|Title:||Uncommanded rudder oscillation, McDonnell-Douglas DC-10-40, July 10, 1993|
|Micro summary:||This McDonnell Douglas DC-10-40 experienced an uncommanded rudder oscillation while climbing through 20,000'.|
|Event Time:||1993-07-10 at 1900 EDT|
|Publishing Agency:||National Transportation Safety Board (NTSB)|
|Diversion Airport:||Detroit Metropolitan Wayne County Airport, Romulus, Michigan, USA|
|Site of event:||Detroit, MI|
|Departure:||Detroit Metropolitan Wayne County Airport, Romulus, Michigan, USA|
|Destination:||Logan International Airport, Boston, Massachusetts, USA|
|Airplane Type(s):||McDonnell Douglas DC-10-40|
|Type of flight:||Revenue|
|Diverted to:||Detroit Metropolitan Wayne County Airport, Romulus, Michigan, USA|
NTSB short summary:
the failure of a navigation system (#1 INS) for reason or reasons undetermined.
While climbing through 20,000 feet the #1 INS failed. The gyro output varied as the gyro tumbled, which produced a bank angle signal. The failure mode allowed the bank angle information to be transmitted to the yaw flight guidance computer, allowing the attitude monitoring and switching unit to move the lower rudder hydraulic actuator, causing the lower rudder to move.
NTSB factual narrative text:
On July 10, 1993, about 1900 eastern daylight time, a McDonnell Douglas DC-10-40, N158US, registered to and operated by Northwest Airlines, Inc., as Flight 48, experienced an uncommanded rudder oscillation while climbing through 20,000 feet (mean sea level). The anomaly was corrected when the crew disconnected the number one inertial navigation system (INS). The airplane returned to Detroit, Michigan, where it landed without incident. The flight crew of three, cabin crew of eight, and 92 passengers reported no injuries. The airplane sustained no damage. The 14 CFR Part 121 flight was a domestic flight operating between Detroit, Michigan, and Boston, Massachusetts. The flight was on an IFR flight plan; however, VFR conditions existed at Detroit, Michigan. The flight departed at 1842 and returned at 1930.
The airplane was examined by the NTSB, FAA, and Northwest Airlines personnel in Detroit on July 11, 1993. The #1 INS display unit and the Captain's attitude indicator were replaced. The cockpit voice recorder (CVR) and flight data recorder (FDR) were removed and taken to the NTSB laboratories in Washington, DC for readout.
A review of the airplane's design indicated that the #1 INS provides bank angle information to the yaw flight guidance computer through the attitude monitoring and switching unit. The bank angle information is then transmitted from the yaw flight guidance computer to the lower rudder hydraulic actuator to move the rudder.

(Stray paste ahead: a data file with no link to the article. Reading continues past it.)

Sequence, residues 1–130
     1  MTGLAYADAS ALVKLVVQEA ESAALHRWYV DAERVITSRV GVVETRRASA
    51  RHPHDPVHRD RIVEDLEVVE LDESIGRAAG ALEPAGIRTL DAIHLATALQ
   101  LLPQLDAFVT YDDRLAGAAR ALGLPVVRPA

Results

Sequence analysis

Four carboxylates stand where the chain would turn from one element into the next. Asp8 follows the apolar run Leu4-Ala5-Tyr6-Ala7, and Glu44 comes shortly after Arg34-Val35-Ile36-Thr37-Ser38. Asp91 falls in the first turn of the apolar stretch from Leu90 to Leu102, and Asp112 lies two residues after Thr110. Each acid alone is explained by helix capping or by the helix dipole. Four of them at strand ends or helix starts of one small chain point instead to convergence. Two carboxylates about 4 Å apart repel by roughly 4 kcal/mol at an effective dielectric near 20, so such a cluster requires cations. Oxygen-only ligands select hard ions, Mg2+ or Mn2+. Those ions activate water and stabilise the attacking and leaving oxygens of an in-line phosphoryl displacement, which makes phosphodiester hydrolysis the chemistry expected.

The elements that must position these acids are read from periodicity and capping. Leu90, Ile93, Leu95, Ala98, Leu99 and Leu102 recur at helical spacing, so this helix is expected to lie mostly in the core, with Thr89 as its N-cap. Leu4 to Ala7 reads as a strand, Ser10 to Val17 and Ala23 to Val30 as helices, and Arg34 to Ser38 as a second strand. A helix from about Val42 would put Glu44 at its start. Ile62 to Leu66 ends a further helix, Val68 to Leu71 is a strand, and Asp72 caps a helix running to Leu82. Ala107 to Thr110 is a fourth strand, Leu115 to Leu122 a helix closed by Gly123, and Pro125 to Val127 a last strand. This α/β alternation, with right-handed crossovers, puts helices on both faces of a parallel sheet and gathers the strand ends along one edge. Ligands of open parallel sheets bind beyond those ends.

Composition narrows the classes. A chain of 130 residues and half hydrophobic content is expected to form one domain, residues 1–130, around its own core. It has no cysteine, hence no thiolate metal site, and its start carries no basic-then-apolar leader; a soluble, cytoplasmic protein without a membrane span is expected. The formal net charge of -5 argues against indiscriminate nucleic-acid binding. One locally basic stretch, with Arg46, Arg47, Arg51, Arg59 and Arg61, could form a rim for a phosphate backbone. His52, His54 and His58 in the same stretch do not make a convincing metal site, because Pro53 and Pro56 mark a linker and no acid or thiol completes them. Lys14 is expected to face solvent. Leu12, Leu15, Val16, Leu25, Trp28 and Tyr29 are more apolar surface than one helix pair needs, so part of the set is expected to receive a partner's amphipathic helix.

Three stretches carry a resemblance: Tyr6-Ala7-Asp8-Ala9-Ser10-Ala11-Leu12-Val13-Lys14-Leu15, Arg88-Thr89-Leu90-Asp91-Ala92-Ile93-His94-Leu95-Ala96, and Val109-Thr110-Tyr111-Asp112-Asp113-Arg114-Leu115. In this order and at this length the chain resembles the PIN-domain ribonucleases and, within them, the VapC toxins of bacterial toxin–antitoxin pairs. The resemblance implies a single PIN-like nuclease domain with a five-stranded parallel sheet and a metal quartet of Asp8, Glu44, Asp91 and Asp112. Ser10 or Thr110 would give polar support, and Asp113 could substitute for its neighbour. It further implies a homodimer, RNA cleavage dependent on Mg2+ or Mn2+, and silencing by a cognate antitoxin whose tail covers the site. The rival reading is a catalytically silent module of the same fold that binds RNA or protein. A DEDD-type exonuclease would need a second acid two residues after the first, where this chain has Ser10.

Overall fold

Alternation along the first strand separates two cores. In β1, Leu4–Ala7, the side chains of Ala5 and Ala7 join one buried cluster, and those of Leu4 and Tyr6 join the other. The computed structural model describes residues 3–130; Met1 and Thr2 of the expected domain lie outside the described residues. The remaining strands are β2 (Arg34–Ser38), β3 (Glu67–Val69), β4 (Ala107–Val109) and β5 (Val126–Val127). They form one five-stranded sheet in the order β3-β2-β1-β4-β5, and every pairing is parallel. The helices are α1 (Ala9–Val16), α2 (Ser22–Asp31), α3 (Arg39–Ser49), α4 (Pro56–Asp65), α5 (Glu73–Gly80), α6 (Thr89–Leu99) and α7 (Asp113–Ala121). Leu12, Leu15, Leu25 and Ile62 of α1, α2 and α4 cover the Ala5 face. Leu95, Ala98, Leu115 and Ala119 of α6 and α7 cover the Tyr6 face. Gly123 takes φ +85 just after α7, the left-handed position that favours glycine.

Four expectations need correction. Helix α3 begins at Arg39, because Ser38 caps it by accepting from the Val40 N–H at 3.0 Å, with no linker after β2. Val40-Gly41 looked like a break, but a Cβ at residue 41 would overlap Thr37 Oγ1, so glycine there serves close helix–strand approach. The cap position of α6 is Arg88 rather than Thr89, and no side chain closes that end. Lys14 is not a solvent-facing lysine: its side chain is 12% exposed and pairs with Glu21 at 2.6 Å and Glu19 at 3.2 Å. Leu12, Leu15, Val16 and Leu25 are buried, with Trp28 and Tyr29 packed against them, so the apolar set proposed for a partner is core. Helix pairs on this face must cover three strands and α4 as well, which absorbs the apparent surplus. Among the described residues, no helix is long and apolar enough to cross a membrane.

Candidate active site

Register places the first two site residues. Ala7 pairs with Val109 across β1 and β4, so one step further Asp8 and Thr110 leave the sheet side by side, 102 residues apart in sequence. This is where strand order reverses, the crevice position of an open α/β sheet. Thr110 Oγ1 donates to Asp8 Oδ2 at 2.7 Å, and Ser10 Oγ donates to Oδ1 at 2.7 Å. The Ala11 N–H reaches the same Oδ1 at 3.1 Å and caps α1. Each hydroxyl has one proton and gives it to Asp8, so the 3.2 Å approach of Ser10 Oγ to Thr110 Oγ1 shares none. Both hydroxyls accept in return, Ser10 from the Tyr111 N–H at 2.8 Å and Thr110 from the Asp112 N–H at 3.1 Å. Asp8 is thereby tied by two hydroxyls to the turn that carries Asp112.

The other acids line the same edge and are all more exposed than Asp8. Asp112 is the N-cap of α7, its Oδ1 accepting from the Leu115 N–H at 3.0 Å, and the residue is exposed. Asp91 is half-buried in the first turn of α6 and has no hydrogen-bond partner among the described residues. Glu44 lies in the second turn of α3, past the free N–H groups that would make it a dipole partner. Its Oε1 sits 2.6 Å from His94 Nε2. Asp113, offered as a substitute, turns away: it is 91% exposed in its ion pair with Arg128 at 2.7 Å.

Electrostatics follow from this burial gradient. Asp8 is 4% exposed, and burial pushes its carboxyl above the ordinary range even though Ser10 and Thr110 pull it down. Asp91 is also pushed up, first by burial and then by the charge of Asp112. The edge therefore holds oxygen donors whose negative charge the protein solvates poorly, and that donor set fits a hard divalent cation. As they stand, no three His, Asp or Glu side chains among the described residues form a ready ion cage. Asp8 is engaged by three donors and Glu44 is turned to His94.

On July 11, 1993, while the airplane was at Northwest maintenance facilities in Detroit, MI, the examination of the #1 INS began with a cockpit test to identify fault codes recorded in the INS. Fault codes were recorded consistent with a #1 INS failure. The #2 INS and standby INS were examined and both appeared to be operational.
The airplane's hydraulic systems were powered via the APU. All flight controls were operated with no anomalies. The yaw damper system self-test was completed with no anomalies. Following the tests and examinations, the #1 INS and controller were removed along with the Captain's ADI. These components were sent to Northwest Airlines facilities for further evaluation. Following a preflight inspection, the airplane was flight tested by Northwest Airlines flight crew. The flight test involved extensive maneuvering of the airplane and a thorough operation of all flight control systems and INS operations. The flight was accomplished successfully.
On or about July 16, 1993, bench testing of the #1 INS, by Northwest personnel, indicated that the internal gyro generating bank-axis (lateral) reference information had failed. The gyro output varied as the gyro tumbled, which produced a bank angle signal. The INS warning light that illuminated on the unit during the incident event correctly identified a failure of the unit. Northwest Airlines personnel reported that testing verified there were no anomalies with the Captain's ADI.
The Digital Flight Data Recorder Factual Report is attached as an addendum to this report.
|Learning Keywords:||Operations - Upset - Uncommanded or excessive Yaw|
|Systems - Autopilot/Autothrottle|
|Systems - Navigation Systems|
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